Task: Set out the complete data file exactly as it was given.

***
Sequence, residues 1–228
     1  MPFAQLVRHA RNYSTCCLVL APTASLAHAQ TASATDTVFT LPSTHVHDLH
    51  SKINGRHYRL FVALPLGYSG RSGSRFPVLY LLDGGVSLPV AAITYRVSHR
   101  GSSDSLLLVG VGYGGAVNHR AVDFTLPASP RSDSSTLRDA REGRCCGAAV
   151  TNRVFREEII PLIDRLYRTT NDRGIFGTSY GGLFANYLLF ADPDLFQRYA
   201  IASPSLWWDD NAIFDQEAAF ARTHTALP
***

Sequence, residues 1–228
     1  MPFAQLVRHA RNYSTCCLVL APTASLAHAQ TASATDTVFT LPSTHVHDLH
    51  SKINGRHYRL FVALPLGYSG RSGSRFPVLY LLDGGVSLPV AAITYRVSHR
   101  GSSDSLLLVG VGYGGAVNHR AVDFTLPASP RSDSSTLRDA REGRCCGAAV
   151  TNRVFREEII PLIDRLYRTT NDRGIFGTSY GGLFANYLLF ADPDLFQRYA
   201  IASPSLWWDD NAIFDQEAAF ARTHTALP